> FREE(p);
    > /* code using q */
    > FREE(q);
    >
    > and failures in "code using q" are going to occur dependant on
    > when the GC system gets around to actually freeing p.


    Yes. The same behavior as free().

    > With a
    > proper free of p ANY further use of q may trigger a run time error
    > on good quality systems - at any rate the action is probably
    > repeatable.


    If free() destroys the data contained in the memory block, filling it
    with data designed to provoke traps you MAY get an error if the
    data contained pointers. Maybe you get bad results, that is all. The
    same behavior as the gc.


    > A free of q should certainly trigger an error.

    On many systems freeing an object twice will provoke corruption of the
    malloc system.



    > Now consider something like:
    >
    > p = malloc(n * sizeof *p);
    > ....
    > p++;
    > .... /* does the memory get destroyed in here? */


    NO, since there is a pointer to the inner part of the object

    > p--;
    > free(p);
    >
    > which I believe to be completely valid C coding.
    >


    It is

    > In addition your messages have excessive line length. No line
    > should exceed 80 characters, and 65 is much better.


    Yes, I know. We are in the seventies and your terminal is an IBM3270.
    jacob navia, Aug 11, 2003
    #15
  16. jacob navia

    Andre Guest

    Arthur J. O'Dwyer wrote:
    > and say, "Aha! Your problem must be with either 'mystruct' or
    > 'mystruct->name'!" because the actual problem might be three
    > translation units away, in the line
    >
    > pork = NULL;
    >
    > and it simply happens that the GC has finally gotten around to
    > deleting 'pork', and has caused an error in the process (perhaps
    > the contents of '*pork' contain a pointer to 'mystruct', and
    > somewhere earlier the GC lost track of the reference count,
    > so that freeing 'pork' frees 'mystruct' unintentionally; maybe
    > something else happens).


    In regard to this comment only, what you said cannot happen. If contents
    of *pork contain a pointer to mystruct then the GC will not under any
    circumstances decide to delete pork, at least not Bacon's Refernce
    counting algorithm. Circular references are not a problem in many modern
    ref-count GCs, namely Jikes RVM's JMTk (Jikes Memory management Toolkit).

    -Andre
    Andre, Aug 11, 2003
    #16
  17. jacob navia

    Alan Balmer Guest

    On Sun, 10 Aug 2003 10:34:43 +0200, "jacob navia"
    <> wrote:

    >Garbage collection is not restricted to Java or C#. Lcc-win32 introduced it more than 2 years ago in
    >the context of a Windows C implementation.


    Where did you get the idea that garbage collection was invented two
    years ago by Lcc-win32? Garbage collection was invented many years
    before Java, C# or Windows existed.

    --
    Al Balmer
    Balmer Consulting
    Alan Balmer, Aug 11, 2003
    #17
  18. jacob navia

    Alan Balmer Guest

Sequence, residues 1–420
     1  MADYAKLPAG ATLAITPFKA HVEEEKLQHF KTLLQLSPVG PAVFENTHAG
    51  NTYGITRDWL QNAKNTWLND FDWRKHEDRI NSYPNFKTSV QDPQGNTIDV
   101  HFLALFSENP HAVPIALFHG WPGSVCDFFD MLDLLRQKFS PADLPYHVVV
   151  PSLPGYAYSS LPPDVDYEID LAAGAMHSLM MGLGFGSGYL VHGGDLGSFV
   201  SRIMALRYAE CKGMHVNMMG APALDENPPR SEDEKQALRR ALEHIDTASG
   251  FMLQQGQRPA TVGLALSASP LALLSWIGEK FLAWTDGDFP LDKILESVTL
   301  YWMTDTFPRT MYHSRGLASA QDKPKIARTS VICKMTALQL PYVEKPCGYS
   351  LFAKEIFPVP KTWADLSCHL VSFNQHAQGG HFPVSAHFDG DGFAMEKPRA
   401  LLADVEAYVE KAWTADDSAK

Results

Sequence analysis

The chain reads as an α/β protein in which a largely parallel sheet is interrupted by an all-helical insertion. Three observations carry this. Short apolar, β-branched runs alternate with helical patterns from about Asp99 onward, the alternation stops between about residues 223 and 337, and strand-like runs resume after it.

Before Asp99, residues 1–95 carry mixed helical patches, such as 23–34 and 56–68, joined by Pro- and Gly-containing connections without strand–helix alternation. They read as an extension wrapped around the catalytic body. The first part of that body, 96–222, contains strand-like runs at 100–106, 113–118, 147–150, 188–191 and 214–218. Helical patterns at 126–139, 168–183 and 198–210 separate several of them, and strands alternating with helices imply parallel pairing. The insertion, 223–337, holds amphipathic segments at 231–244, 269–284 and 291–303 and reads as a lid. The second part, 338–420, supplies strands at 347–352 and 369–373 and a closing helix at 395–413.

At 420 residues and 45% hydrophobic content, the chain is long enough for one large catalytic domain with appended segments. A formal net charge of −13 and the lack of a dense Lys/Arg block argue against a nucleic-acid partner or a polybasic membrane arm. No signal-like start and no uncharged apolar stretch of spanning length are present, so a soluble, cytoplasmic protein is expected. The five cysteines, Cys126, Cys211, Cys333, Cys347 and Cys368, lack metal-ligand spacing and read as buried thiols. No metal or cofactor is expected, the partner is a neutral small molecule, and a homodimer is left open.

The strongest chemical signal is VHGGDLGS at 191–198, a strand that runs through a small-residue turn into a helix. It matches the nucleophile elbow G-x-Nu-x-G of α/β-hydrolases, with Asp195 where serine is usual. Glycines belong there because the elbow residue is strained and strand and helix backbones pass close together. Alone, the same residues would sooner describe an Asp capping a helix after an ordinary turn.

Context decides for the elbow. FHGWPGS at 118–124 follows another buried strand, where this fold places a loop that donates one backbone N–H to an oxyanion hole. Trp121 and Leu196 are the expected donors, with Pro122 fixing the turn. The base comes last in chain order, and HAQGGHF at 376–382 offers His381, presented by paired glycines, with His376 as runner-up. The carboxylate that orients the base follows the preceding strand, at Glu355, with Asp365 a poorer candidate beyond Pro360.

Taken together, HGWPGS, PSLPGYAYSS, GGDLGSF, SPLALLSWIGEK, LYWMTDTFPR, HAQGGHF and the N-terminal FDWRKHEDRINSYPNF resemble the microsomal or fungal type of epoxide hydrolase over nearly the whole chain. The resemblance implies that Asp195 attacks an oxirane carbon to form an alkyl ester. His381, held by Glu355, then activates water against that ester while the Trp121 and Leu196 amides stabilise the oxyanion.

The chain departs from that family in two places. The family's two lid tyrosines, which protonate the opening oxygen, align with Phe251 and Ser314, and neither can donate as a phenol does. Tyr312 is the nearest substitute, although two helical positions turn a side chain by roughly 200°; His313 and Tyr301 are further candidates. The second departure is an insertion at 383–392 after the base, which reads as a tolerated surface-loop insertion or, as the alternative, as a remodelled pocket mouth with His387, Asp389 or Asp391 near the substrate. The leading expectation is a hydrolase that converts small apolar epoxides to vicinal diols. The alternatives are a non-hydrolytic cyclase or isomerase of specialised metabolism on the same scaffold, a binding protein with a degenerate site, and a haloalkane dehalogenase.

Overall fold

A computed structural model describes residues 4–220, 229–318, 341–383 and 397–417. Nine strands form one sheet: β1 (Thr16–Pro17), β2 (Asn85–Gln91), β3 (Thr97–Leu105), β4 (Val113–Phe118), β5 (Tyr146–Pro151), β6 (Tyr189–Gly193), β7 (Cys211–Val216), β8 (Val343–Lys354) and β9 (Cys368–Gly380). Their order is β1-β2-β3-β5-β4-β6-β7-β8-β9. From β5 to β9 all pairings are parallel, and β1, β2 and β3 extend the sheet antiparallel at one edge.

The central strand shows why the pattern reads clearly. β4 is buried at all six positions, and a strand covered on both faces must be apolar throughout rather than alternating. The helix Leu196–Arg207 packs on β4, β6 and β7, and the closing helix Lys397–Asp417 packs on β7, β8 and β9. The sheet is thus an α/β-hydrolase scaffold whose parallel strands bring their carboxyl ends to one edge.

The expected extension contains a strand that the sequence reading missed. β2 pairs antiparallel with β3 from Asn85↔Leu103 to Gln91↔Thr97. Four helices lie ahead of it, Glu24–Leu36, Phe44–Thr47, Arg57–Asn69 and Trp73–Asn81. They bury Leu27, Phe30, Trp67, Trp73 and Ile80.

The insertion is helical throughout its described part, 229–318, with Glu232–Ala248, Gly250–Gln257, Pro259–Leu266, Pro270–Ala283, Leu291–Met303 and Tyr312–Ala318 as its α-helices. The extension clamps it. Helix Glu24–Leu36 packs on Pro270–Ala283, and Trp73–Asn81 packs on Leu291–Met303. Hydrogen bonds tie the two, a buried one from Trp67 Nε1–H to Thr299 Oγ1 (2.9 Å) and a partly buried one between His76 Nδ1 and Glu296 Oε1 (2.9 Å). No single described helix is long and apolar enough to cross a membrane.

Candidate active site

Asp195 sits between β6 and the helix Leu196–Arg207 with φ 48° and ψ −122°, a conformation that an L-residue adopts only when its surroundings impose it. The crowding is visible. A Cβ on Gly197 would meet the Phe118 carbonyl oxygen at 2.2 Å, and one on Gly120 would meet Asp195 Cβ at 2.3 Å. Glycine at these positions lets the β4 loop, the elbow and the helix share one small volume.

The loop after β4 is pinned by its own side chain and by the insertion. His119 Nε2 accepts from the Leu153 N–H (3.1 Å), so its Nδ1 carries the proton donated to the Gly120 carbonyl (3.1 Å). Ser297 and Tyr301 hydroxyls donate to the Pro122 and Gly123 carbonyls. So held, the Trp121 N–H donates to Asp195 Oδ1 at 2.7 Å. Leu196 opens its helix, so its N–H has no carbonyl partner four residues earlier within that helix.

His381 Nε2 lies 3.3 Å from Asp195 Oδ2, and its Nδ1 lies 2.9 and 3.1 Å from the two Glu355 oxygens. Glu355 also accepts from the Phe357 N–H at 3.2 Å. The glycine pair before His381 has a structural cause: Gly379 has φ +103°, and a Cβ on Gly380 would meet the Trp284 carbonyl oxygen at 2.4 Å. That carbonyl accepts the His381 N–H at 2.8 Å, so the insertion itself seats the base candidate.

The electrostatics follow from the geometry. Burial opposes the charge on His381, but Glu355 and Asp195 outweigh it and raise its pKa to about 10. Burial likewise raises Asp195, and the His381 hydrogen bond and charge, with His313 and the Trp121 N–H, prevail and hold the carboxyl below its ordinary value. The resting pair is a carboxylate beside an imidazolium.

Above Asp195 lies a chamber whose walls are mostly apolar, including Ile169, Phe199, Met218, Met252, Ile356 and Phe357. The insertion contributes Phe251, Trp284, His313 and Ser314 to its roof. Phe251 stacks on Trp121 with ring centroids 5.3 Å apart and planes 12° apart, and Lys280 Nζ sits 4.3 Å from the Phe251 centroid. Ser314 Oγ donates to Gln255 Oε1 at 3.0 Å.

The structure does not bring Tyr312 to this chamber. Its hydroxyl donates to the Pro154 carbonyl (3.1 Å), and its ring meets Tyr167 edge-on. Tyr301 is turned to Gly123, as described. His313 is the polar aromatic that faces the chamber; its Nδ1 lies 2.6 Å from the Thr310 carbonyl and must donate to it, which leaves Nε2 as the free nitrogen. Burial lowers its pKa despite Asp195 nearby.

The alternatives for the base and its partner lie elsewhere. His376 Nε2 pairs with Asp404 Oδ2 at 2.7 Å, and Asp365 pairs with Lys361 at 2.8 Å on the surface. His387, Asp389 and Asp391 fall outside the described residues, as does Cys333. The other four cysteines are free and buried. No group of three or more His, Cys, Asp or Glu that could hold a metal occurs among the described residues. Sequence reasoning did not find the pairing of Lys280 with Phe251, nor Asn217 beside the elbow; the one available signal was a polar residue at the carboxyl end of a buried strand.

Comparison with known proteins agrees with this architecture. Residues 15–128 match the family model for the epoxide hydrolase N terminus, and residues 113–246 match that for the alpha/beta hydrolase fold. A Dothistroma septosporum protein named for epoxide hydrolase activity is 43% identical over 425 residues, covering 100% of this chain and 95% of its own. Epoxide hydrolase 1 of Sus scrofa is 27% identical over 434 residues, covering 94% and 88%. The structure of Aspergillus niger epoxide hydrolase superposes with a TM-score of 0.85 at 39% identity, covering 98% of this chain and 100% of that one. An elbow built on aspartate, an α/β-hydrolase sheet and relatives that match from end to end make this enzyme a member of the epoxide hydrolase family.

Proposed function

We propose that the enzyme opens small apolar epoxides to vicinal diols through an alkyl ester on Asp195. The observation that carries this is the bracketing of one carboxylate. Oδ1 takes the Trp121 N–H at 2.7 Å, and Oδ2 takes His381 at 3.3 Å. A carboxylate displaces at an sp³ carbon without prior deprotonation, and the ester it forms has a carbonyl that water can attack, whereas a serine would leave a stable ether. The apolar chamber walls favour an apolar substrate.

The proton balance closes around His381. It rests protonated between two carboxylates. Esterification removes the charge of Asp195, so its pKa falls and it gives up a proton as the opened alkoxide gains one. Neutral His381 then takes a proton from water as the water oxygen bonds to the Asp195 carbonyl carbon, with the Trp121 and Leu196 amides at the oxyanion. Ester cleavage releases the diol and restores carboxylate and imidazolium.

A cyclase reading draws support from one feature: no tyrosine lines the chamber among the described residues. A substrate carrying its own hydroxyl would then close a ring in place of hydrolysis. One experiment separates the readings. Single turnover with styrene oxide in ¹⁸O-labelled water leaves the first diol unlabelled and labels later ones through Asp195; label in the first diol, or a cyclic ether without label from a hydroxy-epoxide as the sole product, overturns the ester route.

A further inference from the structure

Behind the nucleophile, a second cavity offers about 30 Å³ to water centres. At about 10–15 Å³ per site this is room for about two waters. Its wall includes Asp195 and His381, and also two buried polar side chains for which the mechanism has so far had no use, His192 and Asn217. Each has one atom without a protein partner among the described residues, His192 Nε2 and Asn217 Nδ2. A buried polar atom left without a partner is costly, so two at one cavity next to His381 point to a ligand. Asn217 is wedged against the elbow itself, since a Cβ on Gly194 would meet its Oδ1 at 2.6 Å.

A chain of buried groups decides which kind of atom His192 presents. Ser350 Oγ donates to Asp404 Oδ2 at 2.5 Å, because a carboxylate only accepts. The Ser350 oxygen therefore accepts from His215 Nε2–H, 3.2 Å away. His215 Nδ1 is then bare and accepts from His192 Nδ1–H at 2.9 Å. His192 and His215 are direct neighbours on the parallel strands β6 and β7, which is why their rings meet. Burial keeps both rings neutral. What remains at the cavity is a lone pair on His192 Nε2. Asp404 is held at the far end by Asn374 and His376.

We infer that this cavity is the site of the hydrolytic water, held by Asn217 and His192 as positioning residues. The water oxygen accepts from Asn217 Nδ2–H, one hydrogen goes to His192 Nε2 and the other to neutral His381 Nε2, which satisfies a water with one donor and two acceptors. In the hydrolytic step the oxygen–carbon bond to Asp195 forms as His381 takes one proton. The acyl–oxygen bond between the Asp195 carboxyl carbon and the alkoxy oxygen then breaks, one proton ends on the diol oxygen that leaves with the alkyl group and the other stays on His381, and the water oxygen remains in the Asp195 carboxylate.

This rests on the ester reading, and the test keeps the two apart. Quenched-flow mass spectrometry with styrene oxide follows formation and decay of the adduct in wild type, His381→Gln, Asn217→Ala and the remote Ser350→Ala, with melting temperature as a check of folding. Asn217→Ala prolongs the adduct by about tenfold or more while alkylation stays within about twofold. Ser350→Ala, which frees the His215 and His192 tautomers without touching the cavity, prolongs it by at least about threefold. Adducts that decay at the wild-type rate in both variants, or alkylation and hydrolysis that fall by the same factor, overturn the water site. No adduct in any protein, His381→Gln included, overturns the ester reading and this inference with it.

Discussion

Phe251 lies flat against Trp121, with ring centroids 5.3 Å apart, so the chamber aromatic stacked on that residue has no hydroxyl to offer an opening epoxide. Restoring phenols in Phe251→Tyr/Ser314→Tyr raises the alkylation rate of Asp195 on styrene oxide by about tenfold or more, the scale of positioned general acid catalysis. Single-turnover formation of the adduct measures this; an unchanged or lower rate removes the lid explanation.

On Mon, 11 Aug 2003 02:22:38 +0200, "jacob navia"
    <> wrote:

    and wrote, and wrote, and ...

    I ignored the advertising the first time, but I am now very close to
    filtering your messages as a continuing waste of my time and disk
    space. I suggest you start your own newsgroup.

    --
    Al Balmer
    Balmer Consulting
    Alan Balmer, Aug 11, 2003
    #18
  19. jacob navia

    jacob navia Guest

    "Alan Balmer" <> wrote in message news:...
    > On Mon, 11 Aug 2003 02:22:38 +0200, "jacob navia"
    > <> wrote:
    >
    > and wrote, and wrote, and ...
    >
    > I ignored the advertising the first time, but I am now very close to
    > filtering your messages as a continuing waste of my time and disk
    > space.


    Please do so.

    Your message is so constructive and full real arguments, that I think
    it is better to ignore it.

    comp.lang.c according to you, is designed to answer questions like

    HELP HELP!!!

    I wrote
    p[i++] = ++i;

    and it doesn't work.

    Serious discussions that go beyond the usual newbee questions should
    go elsewhere. Obviously.

    jacob
    jacob navia, Aug 11, 2003
    #19
  20. jacob navia

    Zeljko Vrba Guest

    In article <bh7mpk$fom$>, jacob navia wrote:
    >
    > Yes, I know. We are in the seventies and your terminal is an IBM3270.
    >

    I don't know about his terminal, but I read news in an 80x25 xterm. And
    have many xterms on several virtual desktops. An I get really annoyed
    when I have to resize one of the just to read news. I read your postings
    (scrolling left and right) just because of your name. If somebody else
    posted an article with too long lines, I'd just ignore his post. And
    so would many other people.
    Zeljko Vrba, Aug 11, 2003
    #20
    1. Advertising

Want to reply to this thread or ask your own question?

It takes just 2 minutes to sign up (and it's free!). Just click the sign up button to choose a username and then you can ask your own questions on the forum.
Similar Threads
  1. Laser Lu

    Garbage Collection and Manage Code?

    Laser Lu, Jan 26, 2004, in forum: ASP .Net
    Replies:
    5
    Views:
    700
    Gaurav Khanna [C# MVP]
    Jan 27, 2004
  2. Cheung, Jeffrey Jing-Yen
    Replies:
    3
    Views:
    1,537
    Cheung, Jeffrey Jing-Yen
    Jul 10, 2003
  3. IDoNothing

    Garbage Collection in ASP.NET

    IDoNothing, Jan 9, 2004, in forum: ASP .Net
    Replies:
    2
    Views:
    8,350
    cjohn
    Aug 20, 2009
  4. Replies:
    1
    Views:
    432
    mrstephengross
    Jul 25, 2005
  5. Øyvind Isaksen
    Replies:
    1
    Views:
    949
    Øyvind Isaksen
    May 18, 2007
Loading...

Share This Page